Resurrection of the Oped space
The last few months have finally seen the Oped Page emerge as a battlefield of ideas
A fundamental feature of a free society is that it upholds not just the right to free expression of opinion, but also fosters the expression of contrary views. For public exchanges of ideas, the principal channel that has hitherto been utilised is the free press- the ultimate flag-bearer of free speech. However in 21st century India, the battle of ideas seldom manifests itself over the pages of our newspapers. Which is why it’s important to pay attention to the spirited debate that has been going on for about three months now between Ashutosh Varshney, Harsh Gupta and Rajeev Mantri on the very idea of India.
The idea of India, a term emerging out of the thought of Rabindranath Tagore, has been invoked innumerably – but not challenged enough. The conventional conception of India has been challenged, especially in the last two and half decades, more in the electoral battlefield than in the intellectual arena. However, to be a democracy in a substantial sense we cannot afford to have an intellectual climate which does not promote the free exchange of ideas.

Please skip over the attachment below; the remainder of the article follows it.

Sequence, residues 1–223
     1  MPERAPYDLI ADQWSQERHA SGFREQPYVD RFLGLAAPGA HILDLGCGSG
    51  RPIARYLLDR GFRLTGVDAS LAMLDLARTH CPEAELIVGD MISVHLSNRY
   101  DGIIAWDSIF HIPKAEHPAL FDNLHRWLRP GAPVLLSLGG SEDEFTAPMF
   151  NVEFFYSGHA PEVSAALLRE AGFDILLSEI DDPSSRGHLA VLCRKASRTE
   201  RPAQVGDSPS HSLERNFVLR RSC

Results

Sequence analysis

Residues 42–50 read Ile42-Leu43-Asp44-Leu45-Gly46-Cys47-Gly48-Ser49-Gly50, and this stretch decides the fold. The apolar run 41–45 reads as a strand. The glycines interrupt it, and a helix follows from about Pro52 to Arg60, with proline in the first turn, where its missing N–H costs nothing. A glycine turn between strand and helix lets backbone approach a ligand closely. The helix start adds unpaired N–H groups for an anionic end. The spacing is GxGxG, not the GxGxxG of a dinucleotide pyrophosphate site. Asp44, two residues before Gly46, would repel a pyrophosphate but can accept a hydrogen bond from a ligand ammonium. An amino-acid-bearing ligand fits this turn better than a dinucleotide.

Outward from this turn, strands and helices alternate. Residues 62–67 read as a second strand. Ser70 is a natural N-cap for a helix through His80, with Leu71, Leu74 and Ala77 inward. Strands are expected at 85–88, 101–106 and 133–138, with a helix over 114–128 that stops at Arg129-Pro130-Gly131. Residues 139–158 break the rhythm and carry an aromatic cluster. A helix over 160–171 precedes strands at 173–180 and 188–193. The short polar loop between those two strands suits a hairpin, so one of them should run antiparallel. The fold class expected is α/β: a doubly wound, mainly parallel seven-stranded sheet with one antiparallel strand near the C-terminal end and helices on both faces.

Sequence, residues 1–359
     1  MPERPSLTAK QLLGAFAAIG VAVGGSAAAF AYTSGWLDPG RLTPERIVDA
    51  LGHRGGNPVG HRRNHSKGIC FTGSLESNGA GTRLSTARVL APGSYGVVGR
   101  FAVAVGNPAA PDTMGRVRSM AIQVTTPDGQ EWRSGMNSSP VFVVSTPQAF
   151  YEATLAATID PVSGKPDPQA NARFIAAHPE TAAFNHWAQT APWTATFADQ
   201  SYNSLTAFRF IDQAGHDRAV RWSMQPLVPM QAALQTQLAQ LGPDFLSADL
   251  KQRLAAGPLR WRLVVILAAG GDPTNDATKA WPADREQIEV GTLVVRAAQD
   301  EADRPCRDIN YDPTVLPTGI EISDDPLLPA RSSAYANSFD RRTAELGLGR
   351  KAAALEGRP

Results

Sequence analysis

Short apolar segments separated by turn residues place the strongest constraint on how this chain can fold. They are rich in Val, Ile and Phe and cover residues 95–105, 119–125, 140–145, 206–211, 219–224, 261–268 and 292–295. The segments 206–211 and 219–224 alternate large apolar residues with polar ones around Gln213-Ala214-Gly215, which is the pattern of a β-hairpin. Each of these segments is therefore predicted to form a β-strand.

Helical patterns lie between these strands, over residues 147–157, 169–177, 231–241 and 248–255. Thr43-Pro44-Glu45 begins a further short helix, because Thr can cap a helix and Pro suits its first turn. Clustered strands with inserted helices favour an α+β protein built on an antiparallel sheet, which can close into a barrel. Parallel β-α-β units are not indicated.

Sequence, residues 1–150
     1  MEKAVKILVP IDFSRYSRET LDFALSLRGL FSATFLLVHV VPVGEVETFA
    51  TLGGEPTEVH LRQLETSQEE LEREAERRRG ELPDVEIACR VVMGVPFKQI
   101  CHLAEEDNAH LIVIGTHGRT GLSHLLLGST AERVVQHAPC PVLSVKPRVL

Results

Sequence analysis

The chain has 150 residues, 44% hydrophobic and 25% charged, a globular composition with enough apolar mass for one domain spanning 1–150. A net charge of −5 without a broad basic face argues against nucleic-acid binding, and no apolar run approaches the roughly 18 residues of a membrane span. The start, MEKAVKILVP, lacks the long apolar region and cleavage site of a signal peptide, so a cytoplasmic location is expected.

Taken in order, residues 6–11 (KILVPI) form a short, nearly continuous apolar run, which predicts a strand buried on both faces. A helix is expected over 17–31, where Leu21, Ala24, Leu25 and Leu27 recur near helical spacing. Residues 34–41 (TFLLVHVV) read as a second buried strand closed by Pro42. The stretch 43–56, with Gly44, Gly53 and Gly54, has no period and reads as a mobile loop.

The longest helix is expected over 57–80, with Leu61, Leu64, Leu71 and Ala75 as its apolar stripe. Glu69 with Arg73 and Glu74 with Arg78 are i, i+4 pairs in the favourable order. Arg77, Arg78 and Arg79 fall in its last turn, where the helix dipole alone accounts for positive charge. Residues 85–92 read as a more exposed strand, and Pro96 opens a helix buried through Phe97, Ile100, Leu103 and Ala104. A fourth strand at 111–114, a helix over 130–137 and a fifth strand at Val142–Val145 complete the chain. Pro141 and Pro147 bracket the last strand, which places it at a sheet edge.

The public debates between Gandhi, Nehru, Ambedkar and Patel about the Indian state resulted in us becoming a constitutional republic which guarantees the free expression of opinion. Ironically, the level of engagement over ideas in public forums has only reduced since then. The senseless TV squabbles where a set of familiar faces play musical chairs across news channels passes as public debate today. Perhaps the nature of the TV medium is the culprit here, but print media doesn’t suffer from this impediment. Although there have been some interesting exchanges in The Hindu and more dramatic fights in The Outlook, our opinion pages rarely become a forum of continuous contestation. The Times of India’s edit page-grandiosely called The Times Of Ideas-carries an insipidly predictive Times View vs Counter View section that often reads like the merits-demerits PPTs prepared by MBA-grads.